December 6-10 was the annual Learning Forward Conference.  There were many phenomenal speakers throughout the event.  This list included  John Hattie (Visible Learning), Barrington Irving (Flying Classroom), Michael Ungar (Resilience in Action).  Additionally, there were lots of opportunities to collaborate and network at a state and national level. It was amazing.

With that said, each participant of any event has their own personal "Aha!" moments. For me, it was during a break out session with Dr. Tracy Garrett a professor at the Department of Teacher Education at Rider University in New Jersey.  The session title was, "Classroom Management: Dispelling Myths and Mentoring Beginning Teachers." During this session we explored the effects of teacher beliefs on classroom culture and examined the components of classroom management in the format of a sliding scale.   Based on this encounter the following plan for implementing, sharing, and expounding on the ideology of classroom management is now hanging on my wall.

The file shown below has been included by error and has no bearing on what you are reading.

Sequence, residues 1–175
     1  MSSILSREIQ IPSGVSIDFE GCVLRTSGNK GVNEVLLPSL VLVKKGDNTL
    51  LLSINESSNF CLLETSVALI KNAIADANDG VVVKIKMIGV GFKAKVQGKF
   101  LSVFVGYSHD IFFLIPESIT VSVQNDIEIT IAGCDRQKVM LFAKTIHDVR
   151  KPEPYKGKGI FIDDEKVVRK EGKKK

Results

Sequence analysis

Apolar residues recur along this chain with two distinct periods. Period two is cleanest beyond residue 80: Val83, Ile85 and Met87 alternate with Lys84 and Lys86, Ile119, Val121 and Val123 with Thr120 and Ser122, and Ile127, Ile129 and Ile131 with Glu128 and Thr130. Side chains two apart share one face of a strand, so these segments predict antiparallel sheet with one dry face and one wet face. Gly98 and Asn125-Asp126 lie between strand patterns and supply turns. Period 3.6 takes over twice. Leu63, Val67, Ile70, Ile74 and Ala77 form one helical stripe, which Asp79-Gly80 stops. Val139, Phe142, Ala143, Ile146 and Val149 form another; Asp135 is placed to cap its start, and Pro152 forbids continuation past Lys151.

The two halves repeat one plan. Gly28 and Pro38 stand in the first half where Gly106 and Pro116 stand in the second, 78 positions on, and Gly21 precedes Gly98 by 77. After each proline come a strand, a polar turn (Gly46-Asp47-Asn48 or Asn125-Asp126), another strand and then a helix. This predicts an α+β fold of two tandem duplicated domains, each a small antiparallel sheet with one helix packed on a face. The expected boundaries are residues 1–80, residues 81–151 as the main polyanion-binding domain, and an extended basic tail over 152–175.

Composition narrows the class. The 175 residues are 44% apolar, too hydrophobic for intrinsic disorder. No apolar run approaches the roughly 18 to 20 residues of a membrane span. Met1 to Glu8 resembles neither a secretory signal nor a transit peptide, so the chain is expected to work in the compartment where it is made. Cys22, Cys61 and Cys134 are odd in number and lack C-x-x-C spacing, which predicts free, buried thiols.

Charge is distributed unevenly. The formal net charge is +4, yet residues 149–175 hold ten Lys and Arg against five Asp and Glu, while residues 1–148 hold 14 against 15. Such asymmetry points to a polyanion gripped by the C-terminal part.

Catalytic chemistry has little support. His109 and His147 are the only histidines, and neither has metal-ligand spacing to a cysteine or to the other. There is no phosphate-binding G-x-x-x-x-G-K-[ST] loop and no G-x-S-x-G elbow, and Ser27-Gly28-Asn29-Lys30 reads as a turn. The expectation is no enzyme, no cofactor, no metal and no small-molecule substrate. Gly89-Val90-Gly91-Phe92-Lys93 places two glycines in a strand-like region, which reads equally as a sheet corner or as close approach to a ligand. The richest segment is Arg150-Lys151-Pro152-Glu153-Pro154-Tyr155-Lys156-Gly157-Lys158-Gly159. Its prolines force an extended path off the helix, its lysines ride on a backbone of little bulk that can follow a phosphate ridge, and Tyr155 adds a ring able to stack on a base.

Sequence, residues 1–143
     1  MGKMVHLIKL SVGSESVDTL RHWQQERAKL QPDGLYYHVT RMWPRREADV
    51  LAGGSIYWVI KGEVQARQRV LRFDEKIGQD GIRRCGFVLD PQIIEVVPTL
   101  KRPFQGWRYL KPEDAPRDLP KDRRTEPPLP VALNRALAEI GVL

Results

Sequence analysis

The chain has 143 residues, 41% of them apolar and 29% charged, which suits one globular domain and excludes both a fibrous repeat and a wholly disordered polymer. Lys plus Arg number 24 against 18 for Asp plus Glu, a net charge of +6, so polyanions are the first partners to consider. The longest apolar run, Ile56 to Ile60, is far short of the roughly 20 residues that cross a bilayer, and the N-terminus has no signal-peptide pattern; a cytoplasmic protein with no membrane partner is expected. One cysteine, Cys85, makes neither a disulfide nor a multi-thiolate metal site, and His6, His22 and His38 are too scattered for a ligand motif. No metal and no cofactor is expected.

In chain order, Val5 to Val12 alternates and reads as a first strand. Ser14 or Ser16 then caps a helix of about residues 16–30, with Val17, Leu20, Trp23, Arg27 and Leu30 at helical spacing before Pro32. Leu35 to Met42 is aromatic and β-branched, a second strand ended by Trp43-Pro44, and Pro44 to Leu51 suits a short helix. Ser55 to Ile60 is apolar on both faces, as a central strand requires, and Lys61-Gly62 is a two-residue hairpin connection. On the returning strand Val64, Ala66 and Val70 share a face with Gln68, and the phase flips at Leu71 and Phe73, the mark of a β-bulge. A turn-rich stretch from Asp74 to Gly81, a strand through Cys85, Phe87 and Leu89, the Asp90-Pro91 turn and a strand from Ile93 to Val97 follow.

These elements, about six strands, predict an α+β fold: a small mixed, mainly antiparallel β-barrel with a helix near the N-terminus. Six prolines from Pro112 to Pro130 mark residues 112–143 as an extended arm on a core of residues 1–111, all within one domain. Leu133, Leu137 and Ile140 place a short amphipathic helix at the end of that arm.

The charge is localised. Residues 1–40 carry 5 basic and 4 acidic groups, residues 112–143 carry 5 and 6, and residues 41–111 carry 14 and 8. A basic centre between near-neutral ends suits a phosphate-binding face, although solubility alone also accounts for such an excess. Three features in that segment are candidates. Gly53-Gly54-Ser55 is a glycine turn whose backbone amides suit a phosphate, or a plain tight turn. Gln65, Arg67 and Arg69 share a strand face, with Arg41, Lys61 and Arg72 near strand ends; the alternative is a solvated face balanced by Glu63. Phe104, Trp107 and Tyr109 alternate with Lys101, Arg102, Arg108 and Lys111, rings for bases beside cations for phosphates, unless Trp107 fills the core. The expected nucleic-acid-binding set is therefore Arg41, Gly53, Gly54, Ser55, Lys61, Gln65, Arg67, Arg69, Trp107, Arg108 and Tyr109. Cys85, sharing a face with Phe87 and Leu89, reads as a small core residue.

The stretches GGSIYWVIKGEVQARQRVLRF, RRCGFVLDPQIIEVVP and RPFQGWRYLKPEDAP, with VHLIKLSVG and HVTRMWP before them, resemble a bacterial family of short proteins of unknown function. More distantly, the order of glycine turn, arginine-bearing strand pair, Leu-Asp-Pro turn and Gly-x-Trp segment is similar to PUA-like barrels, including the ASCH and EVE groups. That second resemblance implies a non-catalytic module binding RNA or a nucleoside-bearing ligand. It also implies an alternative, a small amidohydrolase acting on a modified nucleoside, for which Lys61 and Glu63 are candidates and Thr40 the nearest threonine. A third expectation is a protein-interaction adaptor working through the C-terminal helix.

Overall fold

1. Explore, “Effective Classroom Management: The Essentials,” by Tracy Garrett through the lens of mentoring/leadership.  
  2. Share Dr. Garrett’s scale “The Process of Classroom Management” with colleagues.
Goal:  Develop an understanding of the relationship between organizing the physical design of a room, developing rules & routines, establishing relationships, implementing engaging instruction, and addressing discipline.
Guiding Questions:

  1. What are the personal beliefs of individual educators about classroom management? How do these beliefs affect classroom culture?
  2. How do we develop a balance between caring and order in a classroom environment?  What will the impact of this balance be? How will this impact be measured?

Sunday, October 19, 2014

Empowering Little Hands to Write: Informational Text

Whether you are utilizing POW TIDE, Write From the Beginning, Four Square, or a different program to build writing skills, the ultimate goal is to empower little hands to get their thoughts down on paper.

As social beings, we have the ability to fluidly move between conversational topics and everyday niceties.  Speaking and listening are the corner stones of topic development.  Unlike social dialog, classroom conversations are intentionally designed to be learning opportunities.   These experiences are utilized to build stamina.  They  build students' ability to  focus on a topic long enough to get to "the details." For those using POW TIDE this is the "P," pull apart of POW